Jack Ross made just the one change once again as his Sunderland side looked to make it three wins on the spin - Lewis Morgan was rewarded for the positive impact he made off the bench in the 2-0 win at Bristol Rovers and replaced Duncan Watmore, who dropped to the bench.
Sunderland again lined up in a 4-2-3-1 formation which has been a constant in their recent upturn in form. Jon McLaughlin, Luke O’Nien, Tom Flanagan, Jimmy Dunne and Reece James continued following their clean sheet last weekend. The central midfield pairing of Lee Cattermole and Grant Leadbitter picked themselves, with the attacking trio of Lewis Morgan, George Honeyman and Aiden McGeady starting in support of lone striker Will Grigg.
Derek Adams also made just the one change from his side’s last match, a 5-1 win at home to Rochdale. Oscar Threlkeld came into midfield in place of the suspended Antoni Sarcevic.
Plymouth lined up in a 4-3-3 formation. Kyle Letheren started in goal, protected by a back four of Ashley Smith-Brown, Ryan Edwards, Niall Canavan and Gary Sawyer. David Fox started just in front of the back four, with Yann Songo’o and Threlkeld supporting him in the engine room. Ruben Lameiras and Graham Carey started in the wide positions, in support of Freddie Ladapo.
Sunderland’s high pressing dominated in the first half
Sunderland’s performance in the first half was one of the most dominant displays of football Jack Ross’ side have produced all season, and signaled a return to the high pressing football which led to Sunderland scoring so many goal in the early weeks of the campaign.
Sunderland not only enjoyed 65% possession in the first half, but also limited the visitors to just one shot - much of the first 45 minutes saw Sunderland camped in the Plymouth half and Lee Cattermole’s goal was no less than the home side deserved.
However, this first half domination didn’t just come about by chance and was result of Sunderland’s commitment to press high up the pitch, not giving the Plymouth defenders a moments peace on the ball as they tried to play out from the back.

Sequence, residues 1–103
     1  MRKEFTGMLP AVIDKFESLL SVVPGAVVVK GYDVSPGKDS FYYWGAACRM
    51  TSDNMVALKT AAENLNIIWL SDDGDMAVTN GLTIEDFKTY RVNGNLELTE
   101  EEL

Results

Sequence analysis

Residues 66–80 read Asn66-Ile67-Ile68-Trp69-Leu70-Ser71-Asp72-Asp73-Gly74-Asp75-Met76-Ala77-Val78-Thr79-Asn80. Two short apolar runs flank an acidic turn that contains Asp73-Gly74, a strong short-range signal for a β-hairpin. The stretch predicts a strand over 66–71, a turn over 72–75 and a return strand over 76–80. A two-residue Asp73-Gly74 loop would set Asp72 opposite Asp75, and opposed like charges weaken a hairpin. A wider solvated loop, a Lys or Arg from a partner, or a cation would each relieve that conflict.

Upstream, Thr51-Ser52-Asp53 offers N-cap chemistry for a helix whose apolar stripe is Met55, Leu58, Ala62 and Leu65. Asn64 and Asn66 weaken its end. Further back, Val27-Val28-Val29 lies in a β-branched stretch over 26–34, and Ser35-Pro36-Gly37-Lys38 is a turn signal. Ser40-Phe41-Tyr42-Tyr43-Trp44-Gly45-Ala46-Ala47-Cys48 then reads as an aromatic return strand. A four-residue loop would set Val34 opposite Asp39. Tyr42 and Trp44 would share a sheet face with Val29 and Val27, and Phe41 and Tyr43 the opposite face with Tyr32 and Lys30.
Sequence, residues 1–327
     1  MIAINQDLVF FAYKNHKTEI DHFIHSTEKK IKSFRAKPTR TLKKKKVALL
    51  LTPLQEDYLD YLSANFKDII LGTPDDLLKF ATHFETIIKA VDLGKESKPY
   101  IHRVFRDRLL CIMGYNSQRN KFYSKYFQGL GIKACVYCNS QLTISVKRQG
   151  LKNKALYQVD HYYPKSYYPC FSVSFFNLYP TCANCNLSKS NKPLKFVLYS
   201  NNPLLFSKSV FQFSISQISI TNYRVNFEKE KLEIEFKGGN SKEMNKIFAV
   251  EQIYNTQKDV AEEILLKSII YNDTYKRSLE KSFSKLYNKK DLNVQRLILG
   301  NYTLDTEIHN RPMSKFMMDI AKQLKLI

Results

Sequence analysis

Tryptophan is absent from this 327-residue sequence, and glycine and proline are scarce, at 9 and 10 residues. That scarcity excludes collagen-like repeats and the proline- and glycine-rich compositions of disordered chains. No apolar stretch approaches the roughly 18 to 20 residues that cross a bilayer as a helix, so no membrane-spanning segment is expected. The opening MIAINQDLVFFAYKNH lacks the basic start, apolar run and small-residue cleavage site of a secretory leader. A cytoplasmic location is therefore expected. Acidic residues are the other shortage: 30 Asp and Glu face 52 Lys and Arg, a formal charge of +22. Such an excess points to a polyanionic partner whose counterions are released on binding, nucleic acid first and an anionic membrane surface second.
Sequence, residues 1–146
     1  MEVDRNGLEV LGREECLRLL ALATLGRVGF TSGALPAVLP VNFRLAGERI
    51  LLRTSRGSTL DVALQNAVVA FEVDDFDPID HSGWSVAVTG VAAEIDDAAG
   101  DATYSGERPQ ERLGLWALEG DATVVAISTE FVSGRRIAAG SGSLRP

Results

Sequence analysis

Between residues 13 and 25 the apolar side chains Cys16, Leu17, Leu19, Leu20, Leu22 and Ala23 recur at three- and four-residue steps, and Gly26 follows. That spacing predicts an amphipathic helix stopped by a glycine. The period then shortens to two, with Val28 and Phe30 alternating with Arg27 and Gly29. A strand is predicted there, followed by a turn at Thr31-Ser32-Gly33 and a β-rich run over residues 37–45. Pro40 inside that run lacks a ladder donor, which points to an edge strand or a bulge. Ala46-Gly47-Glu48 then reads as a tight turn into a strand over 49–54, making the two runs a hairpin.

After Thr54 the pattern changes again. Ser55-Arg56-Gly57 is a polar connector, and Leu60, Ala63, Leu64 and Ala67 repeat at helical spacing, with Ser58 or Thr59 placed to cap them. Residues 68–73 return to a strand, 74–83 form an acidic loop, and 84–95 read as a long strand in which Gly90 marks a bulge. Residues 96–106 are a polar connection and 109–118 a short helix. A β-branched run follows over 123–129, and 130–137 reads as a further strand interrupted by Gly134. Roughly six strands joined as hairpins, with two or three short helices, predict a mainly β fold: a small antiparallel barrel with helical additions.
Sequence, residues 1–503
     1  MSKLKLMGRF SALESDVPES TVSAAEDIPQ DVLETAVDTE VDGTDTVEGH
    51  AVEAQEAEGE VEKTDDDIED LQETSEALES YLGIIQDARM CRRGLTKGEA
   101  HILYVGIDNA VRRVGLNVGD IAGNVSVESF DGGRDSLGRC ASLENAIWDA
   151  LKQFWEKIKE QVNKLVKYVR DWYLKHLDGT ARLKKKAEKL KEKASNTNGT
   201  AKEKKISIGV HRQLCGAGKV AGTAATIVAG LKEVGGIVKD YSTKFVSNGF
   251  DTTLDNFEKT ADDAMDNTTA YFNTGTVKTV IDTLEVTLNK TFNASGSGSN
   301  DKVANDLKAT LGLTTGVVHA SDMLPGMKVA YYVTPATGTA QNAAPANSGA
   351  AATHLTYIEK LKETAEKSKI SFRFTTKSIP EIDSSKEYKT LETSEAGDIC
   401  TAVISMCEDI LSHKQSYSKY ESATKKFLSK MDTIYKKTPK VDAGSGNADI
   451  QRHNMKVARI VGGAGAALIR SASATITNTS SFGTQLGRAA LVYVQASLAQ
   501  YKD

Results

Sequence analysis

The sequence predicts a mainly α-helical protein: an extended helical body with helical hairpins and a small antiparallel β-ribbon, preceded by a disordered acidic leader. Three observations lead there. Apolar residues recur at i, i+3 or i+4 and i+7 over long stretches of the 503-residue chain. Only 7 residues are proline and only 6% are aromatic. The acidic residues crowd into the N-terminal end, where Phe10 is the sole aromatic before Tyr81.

As the below graphic shows, Sunderland recovered the ball 20 times in the opposition half, unsurprisingly 14 of these recoveries were in the first 45 minutes. For context Plymouth only managed to recover the ball 12 times in Sunderland’s half, and in the games against Bristol Rovers and Gillingham, Sunderland managed only 12 and 11 ball recoveries in the opposition half in the full 90 minutes.
This shows that in the first half especially there was a clear change of tactic from Jack Ross - and there is no better example of this than the opening goal of the game, where Lewis Morgan latched onto Graham Carey’s poor touch before pulling the ball back for Cattermole to finish into the top corner.
Predictably, the second half was a much more even affair and Sunderland were forced to weather the storm thrown at them by the visitors in early part of the second period.
The visitors played 45% more passes (134 passes in the first half, 194 in the second) and increased their number of attacks by over 60% (29 attacks in the first half, 47 in the second) in the second half, and all of there three shots on target came in the second period.
Sunderland were forced to ride their luck slightly in the period immediately after the break, and Oscar Threlkeld put their best chance of the game wide from the edge of the six-yard box after McLaughlin had done well to save Songo’o’s shot after about 65 minutes.
Sunderland managed to come out of the opening 20 minutes of the second half unscaved, and the combination of Watmore’s introducing offering the home side an outlet on the counter-attack, and Argyle losing control of the midfield after sacrificing a central midfielder for another striker, meant that the final quarter of the game was rather comfortable for Jack Ross’ side.
Overall, despite Argyle’s improvement in the second half, Sunderland still managed more attacks than the visitors, and George Honeyman’s left footed finish after 87 minutes sealed a much deserved victory for Jack Ross’ men.
All stats courtesy of InStat.